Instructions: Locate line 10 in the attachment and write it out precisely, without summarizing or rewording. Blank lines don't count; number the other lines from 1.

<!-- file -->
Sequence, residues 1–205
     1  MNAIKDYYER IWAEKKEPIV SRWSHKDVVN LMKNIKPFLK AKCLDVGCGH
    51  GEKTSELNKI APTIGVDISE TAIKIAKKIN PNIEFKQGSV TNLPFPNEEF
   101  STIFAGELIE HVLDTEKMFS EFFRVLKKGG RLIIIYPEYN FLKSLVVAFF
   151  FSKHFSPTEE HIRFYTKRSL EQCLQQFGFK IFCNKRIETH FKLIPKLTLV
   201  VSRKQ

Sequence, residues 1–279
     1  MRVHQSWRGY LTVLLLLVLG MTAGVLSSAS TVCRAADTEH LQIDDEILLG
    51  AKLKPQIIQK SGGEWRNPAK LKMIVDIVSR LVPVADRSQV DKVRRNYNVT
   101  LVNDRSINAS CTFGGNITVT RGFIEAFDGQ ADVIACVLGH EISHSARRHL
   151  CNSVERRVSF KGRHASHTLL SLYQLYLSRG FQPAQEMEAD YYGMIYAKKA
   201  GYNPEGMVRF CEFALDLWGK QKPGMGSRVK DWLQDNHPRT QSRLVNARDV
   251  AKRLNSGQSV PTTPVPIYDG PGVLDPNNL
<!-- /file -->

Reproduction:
   101  LVNDRSINAS CTFGGNITVT RGFIEAFDGQ ADVIACVLGH EISHSARRHL